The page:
In the ensuing months after the Supreme Court’s Webster decision, it has become clear that America is about to be plunged into the most intensely divisive political debate since the Viet Nam War. Pro-life and pro-choice forces are mobilizing to vie for the support of the majority of the American people. Until now, most have remained ambivalent but in coming months it will become increasingly difficult to stay on neutral ground.
Politicians who try to hedge on the abortion issue will be forced to take a stand for or against restrictive abortion legislation. The coming political debate will reveal that the great middle ground is being pulled into two polar opposites.
The American public has been portrayed as being in favor of choice by abortion rights groups. Shortly before the Webster ruling, however, amidst a pro-abortion media blitz, A CBS News poll revealed the American public strongly favors putting limits on the legality of abortion.
When asked, “What if your state could pass a law that would only permit abortions in the case of rape, incest, and to save the life of the mother. Would you favor or oppose that law?” A greater percentage – 66% – favored the law limiting abortions and only 29% opposed it. In the same poll, only 21% said they would favor a law banning all abortions.
Only a very small percentage of the 1.5 million abortions performed annually are done in the cases provided for in the first question. Thus it can be seen that most Americans would ban the vast majority of abortions performed in this country.
Despite such clear and consistent poll results, pro-choice groups promise to keep the American public focused on the abortion issue in the 38 upcoming gubernatorial elections. In the New Jersey race, the National Abortion Rights Action League vows to pump as much as half a million dollars into campaign ads. Executive director of N.A.R.A.L., Kate Michelman, says, “America’s political landscape will never be the same … The New Jersey gubernatorial race is the first example of what we are going to do around the country.”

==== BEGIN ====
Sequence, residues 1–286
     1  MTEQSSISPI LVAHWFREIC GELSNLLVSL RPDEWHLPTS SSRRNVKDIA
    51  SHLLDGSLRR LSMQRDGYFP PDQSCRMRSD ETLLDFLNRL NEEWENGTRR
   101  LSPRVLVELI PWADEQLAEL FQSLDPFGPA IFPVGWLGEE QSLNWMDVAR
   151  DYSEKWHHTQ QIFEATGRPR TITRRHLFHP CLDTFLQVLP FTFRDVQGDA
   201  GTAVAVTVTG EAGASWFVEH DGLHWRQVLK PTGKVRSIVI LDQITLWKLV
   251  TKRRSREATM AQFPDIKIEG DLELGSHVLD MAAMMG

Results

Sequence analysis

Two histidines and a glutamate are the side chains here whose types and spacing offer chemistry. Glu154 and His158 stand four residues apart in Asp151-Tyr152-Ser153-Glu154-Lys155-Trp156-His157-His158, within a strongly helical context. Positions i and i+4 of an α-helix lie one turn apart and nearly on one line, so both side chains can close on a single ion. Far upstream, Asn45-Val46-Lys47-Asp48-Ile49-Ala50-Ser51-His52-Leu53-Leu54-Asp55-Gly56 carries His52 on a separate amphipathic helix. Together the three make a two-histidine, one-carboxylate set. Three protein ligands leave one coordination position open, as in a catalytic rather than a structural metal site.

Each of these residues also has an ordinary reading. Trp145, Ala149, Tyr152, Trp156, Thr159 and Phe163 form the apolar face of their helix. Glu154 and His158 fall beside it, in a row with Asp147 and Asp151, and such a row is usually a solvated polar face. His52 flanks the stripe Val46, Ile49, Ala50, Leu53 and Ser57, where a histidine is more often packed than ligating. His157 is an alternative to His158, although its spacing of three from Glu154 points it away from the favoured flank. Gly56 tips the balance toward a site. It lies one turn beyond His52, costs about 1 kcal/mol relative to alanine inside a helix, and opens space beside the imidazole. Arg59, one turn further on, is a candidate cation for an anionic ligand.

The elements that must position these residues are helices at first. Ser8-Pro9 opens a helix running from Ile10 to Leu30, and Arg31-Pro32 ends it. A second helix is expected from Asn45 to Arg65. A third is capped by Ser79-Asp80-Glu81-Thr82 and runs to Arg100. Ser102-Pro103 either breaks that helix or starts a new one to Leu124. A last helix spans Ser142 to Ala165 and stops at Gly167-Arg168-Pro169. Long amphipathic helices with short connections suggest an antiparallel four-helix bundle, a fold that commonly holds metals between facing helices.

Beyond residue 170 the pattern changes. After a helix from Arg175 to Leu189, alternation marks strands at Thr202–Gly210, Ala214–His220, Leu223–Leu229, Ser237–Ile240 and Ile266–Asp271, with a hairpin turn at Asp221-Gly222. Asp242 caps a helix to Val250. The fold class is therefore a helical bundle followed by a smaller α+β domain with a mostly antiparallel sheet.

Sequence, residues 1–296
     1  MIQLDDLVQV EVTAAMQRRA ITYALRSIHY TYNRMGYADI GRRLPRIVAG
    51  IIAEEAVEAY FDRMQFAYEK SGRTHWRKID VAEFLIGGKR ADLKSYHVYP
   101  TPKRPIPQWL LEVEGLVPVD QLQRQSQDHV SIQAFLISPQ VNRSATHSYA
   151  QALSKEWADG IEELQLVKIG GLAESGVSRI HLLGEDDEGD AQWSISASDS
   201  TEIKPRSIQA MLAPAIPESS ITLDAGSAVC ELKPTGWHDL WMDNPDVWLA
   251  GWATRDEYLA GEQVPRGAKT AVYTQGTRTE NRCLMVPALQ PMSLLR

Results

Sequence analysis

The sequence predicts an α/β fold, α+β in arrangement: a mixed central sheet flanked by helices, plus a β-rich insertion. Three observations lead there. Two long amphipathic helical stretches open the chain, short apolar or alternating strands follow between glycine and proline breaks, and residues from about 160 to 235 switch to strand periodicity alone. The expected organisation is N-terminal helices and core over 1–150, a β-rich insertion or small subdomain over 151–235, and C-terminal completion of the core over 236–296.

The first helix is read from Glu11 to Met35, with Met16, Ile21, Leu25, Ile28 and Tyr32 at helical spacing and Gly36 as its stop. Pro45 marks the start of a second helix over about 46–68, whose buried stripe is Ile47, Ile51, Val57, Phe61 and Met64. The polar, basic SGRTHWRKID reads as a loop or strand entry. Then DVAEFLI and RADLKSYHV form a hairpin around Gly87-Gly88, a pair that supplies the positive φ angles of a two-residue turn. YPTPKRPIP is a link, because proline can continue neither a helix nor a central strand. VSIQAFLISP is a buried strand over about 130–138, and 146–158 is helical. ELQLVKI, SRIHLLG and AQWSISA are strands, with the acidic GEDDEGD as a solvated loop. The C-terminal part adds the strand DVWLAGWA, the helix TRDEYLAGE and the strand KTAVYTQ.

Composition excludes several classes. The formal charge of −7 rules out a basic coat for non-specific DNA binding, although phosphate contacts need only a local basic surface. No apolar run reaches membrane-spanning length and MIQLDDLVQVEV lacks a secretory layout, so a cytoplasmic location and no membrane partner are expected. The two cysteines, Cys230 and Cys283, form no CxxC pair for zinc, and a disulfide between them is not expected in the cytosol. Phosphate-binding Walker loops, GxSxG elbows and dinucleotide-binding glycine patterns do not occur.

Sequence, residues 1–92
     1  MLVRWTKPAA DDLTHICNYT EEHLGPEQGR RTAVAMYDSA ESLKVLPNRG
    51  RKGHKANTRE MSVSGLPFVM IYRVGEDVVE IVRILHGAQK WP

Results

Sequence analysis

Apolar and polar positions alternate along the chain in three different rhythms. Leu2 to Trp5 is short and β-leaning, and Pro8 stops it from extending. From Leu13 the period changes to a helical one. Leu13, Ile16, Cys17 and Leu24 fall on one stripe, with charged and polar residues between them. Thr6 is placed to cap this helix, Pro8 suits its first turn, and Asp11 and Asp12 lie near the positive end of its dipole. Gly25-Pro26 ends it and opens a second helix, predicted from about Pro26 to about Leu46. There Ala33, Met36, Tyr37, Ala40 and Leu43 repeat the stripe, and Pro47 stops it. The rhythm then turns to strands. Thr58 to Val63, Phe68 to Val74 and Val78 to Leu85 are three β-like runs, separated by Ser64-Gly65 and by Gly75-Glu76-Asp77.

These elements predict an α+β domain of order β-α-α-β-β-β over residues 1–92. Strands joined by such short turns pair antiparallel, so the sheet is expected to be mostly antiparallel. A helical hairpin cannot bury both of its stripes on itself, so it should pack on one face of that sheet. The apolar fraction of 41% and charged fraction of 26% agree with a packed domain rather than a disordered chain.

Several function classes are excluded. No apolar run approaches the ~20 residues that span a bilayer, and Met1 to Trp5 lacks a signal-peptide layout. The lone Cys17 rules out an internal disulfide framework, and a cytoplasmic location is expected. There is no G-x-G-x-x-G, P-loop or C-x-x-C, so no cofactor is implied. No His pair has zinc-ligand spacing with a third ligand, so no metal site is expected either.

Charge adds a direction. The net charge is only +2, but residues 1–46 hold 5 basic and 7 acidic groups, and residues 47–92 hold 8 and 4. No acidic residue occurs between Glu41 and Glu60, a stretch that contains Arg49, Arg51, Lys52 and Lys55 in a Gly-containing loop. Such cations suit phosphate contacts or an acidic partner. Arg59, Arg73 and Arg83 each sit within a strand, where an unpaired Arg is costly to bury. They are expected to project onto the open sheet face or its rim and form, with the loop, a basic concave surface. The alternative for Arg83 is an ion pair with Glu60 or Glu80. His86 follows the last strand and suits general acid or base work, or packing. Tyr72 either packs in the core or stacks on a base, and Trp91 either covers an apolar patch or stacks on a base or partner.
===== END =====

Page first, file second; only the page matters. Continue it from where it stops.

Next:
In the past, pro-choice groups have relied heavily on pro-abortion rhetoric such as “a woman’s fundamental right” to an abortion. The continued effectiveness of such an ideology will be tested.
National Right to Life-Political Action Committee Director, Sandra Faucher, warned that complacency among pro-lifers in the wake of the Webster decision could spell disaster. Even a reversal of Roe will accomplish nothing to protect the unborn. Faucher advised, “Protective legislation must be passed in each and every state.”
Pro-life activists will be most effective in states where strong organizations already exist. Legislation which forces people to look at the implications of terminating the life of an unborn child will be employed. A bill that would make a woman listen to the fetal heartbeat and look at a picture of an unborn child at the same stage of development as hers before choosing an abortion will be introduced.
By shifting the debate from the Supreme Court to the state legislatures and the American people, where it belongs, many will be made more aware of the intrinsic issues which abortion carries. Most already recognize that human life begins long before birth. Precisely where that life begins and how to determine this will be questioned.
Advances in fetology, ultra-sound technology, and intra-uterine photography will be employed by pro-life groups to persuade those looking for an answer to this issue. Pro-choice groups will continue to use rhetoric which draws attention to the rights of the woman rather than to the rights of her child.
By drawing the abortion issue out of the courts and into the public arena, the unheard voice in this debate, that of the unborn child, is in the position to gain the most advantage.